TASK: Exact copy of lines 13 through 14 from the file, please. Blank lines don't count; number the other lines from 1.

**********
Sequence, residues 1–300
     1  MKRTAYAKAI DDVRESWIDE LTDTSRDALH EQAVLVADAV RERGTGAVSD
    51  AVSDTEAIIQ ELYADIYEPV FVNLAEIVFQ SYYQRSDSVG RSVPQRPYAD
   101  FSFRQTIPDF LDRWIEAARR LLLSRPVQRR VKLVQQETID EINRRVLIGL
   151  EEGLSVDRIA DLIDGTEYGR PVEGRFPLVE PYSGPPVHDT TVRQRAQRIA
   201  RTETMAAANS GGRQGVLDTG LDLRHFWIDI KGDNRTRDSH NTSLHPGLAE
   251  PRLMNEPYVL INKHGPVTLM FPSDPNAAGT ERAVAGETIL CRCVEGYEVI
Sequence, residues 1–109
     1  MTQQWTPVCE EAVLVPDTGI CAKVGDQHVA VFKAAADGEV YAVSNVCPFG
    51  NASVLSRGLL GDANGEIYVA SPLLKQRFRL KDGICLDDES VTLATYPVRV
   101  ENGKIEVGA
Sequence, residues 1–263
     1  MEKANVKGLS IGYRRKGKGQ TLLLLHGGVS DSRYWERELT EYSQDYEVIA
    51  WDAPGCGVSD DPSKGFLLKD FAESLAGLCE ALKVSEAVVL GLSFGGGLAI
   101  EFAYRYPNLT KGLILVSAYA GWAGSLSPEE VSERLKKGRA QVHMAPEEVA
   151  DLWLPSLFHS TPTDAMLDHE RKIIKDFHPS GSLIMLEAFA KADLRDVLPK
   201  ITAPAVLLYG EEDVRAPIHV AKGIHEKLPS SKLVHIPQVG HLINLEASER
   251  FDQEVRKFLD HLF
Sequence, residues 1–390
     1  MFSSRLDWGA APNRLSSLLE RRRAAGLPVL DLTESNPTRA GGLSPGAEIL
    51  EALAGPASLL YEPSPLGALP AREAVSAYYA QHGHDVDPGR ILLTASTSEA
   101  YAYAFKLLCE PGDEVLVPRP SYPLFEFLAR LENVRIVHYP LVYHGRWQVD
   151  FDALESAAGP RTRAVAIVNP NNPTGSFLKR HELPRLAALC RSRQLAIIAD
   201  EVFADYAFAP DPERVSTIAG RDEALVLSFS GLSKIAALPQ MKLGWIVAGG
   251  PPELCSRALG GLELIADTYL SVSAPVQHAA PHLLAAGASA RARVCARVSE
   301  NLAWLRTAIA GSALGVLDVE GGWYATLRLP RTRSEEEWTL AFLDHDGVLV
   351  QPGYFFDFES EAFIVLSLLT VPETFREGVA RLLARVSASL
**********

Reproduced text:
     1  MEKANVKGLS IGYRRKGKGQ TLLLLHGGVS DSRYWERELT EYSQDYEVIA
    51  WDAPGCGVSD DPSKGFLLKD FAESLAGLCE ALKVSEAVVL GLSFGGGLAI